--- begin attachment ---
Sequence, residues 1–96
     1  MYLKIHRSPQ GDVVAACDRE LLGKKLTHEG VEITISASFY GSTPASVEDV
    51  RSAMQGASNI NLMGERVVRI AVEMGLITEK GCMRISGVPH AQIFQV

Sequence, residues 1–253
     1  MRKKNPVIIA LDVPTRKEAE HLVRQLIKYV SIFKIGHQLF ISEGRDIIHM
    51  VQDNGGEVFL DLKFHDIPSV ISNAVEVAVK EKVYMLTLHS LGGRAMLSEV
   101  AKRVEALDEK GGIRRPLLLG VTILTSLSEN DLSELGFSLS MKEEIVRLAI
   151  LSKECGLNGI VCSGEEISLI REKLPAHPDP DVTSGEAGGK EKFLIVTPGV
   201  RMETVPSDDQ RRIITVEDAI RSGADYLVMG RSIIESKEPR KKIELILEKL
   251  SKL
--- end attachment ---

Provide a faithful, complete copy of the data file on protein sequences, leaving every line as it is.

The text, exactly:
Sequence, residues 1–96
     1  MYLKIHRSPQ GDVVAACDRE LLGKKLTHEG VEITISASFY GSTPASVEDV
    51  RSAMQGASNI NLMGERVVRI AVEMGLITEK GCMRISGVPH AQIFQV

Sequence, residues 1–253
     1  MRKKNPVIIA LDVPTRKEAE HLVRQLIKYV SIFKIGHQLF ISEGRDIIHM
    51  VQDNGGEVFL DLKFHDIPSV ISNAVEVAVK EKVYMLTLHS LGGRAMLSEV
   101  AKRVEALDEK GGIRRPLLLG VTILTSLSEN DLSELGFSLS MKEEIVRLAI
   151  LSKECGLNGI VCSGEEISLI REKLPAHPDP DVTSGEAGGK EKFLIVTPGV
   201  RMETVPSDDQ RRIITVEDAI RSGADYLVMG RSIIESKEPR KKIELILEKL
   251  SKL